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Lensar files for Chapter 11 bankruptcy protection

20 Dec 2016

Florida firm that specializes in femtosecond laser systems for cataract surgery says operations will continue as normal during its reorganization.

Lensar, the Orlando-based developer of surgical ultrafast laser systems for cataract treatment, has filed for Chapter 11 bankruptcy protection.

The company was acquired almost exactly a year ago by “social commerce” business Alphaeon, in a debt, cash and stock deal valued at around $59 million.

Lensar says that, coupled with a restructuring, the bankruptcy filing will allow it to cut its debt levels – and notes that PDL Biopharma, its senior secured creditor, supports the decision.

High-interest loan deal
PDL Biopharma agreed a loan deal worth up to $60 million with Lensar back in 2013, part of a wider investment at the time that included $27 million in new venture capital. However, the terms of the PDL loan had appeared punitive, with 15.5 per cent in annual interest charged on the initial $40 million tranche of the loan to Lensar.

The additional $20 million tranche was never loaned, and when Alphaeon acquired Lensar last year, the terms of the credit agreement were amended to give PDL a “first lien” security interest in Lensar’s equity and assets.

Unsurprisingly, by the end of September 2016 Lensar was deemed to be out of compliance with the interest payments, and in its latest quarterly filing PDL said it was “exploring its options” with Lensar and Alphaeon.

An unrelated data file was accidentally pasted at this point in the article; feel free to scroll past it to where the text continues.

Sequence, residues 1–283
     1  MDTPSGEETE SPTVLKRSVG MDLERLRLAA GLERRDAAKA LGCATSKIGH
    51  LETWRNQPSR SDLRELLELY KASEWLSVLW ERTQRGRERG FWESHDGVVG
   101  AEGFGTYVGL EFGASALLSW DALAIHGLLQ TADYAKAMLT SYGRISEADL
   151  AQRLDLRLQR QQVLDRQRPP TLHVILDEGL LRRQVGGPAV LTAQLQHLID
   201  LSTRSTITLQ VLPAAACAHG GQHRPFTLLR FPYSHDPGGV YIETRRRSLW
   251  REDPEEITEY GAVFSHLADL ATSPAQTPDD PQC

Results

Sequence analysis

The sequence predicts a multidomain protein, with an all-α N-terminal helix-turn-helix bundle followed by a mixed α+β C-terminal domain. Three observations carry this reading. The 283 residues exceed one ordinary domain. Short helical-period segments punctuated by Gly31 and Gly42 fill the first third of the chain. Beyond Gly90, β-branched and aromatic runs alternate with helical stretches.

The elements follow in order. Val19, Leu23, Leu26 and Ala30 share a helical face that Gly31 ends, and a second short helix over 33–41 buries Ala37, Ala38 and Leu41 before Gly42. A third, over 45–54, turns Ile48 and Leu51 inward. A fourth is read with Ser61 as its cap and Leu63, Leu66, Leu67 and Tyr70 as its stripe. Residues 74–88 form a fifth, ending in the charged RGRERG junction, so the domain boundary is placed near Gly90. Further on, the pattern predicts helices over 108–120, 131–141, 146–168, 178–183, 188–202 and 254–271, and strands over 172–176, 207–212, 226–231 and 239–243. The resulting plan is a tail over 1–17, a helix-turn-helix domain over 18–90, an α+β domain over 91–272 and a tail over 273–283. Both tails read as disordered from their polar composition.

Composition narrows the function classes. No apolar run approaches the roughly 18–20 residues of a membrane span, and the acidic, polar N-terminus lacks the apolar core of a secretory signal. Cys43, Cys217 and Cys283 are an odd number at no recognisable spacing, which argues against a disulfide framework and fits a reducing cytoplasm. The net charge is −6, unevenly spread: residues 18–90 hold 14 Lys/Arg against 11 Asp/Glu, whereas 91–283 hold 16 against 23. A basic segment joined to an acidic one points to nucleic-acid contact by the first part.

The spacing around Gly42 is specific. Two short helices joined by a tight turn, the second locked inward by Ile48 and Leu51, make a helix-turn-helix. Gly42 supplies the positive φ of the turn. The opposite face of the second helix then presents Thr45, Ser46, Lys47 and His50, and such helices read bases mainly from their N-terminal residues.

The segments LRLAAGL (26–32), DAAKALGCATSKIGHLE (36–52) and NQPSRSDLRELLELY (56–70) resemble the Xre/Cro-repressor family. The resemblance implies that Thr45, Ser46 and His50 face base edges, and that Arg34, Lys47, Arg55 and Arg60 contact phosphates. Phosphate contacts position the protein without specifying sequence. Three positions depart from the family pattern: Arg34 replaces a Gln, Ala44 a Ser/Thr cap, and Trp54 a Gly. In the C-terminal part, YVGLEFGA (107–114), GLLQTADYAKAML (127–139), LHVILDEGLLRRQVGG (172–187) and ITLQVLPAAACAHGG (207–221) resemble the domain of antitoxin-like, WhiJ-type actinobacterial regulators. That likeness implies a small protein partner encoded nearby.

Now, Lensar says that it expects PDL to support converting a portion of the outstanding debt into more equity, and that its operations will continue as normal throughout the Chapter 11 reorganization.

“With financial support from PDL, [Lensar] intends to continue to pay all employee obligations, including employee wages, provide healthcare and other benefits, and all current operating expenses without interruption,” stated the company.

Corporate video: Lensar's femtosecond laser cataract procedure:

Tough competition
Lensar is one of a handful of heavily financed companies targeting what is expected to become a huge market for ultrashort-pulsed laser procedures in cataract surgery as the global population ages. However, early peers such as LensX Lasers, OptiMedica and Technolas Perfect Vision were able to attract more venture funding and subsequently secure high-value exits with sales to healthcare giants Alcon Laboratories, Abbott, and Bausch + Lomb respectively.

Lensar has always maintained that its system is the only one to have been designed specifically for refractive cataract surgery, providing customized treatment thanks to a fast 3D imager that reconstructs the anterior segment of each eye operated on. The latest “Streamline II” version of the technology provides surgeons with additional automation.

Despite the tough competition, Lensar’s CEO Nicholas Curtis insists that there is room for Lensar’s product in the market, saying in a statement that announced the bankruptcy filing: “Given the ageing population globally, with more than 22 million cataracts treated annually, I am very optimistic about the future of our refractive cataract surgery and the opportunity to work with PDL.”

With the Chapter 11 case expected to conclude in the second quarter of 2017, and PDL’s unmanageable loan deal at least partly converted into equity, Lensar says that its “reorganized, de-leveraged” setup will allow it to continue working with its vendors, suppliers and partners as normal during and after the bankruptcy process.

Berkeley Nucleonics CorporationABTechIridian Spectral TechnologiesHÜBNER PhotonicsFirst Light ImagingAlluxaMad City Labs, Inc.
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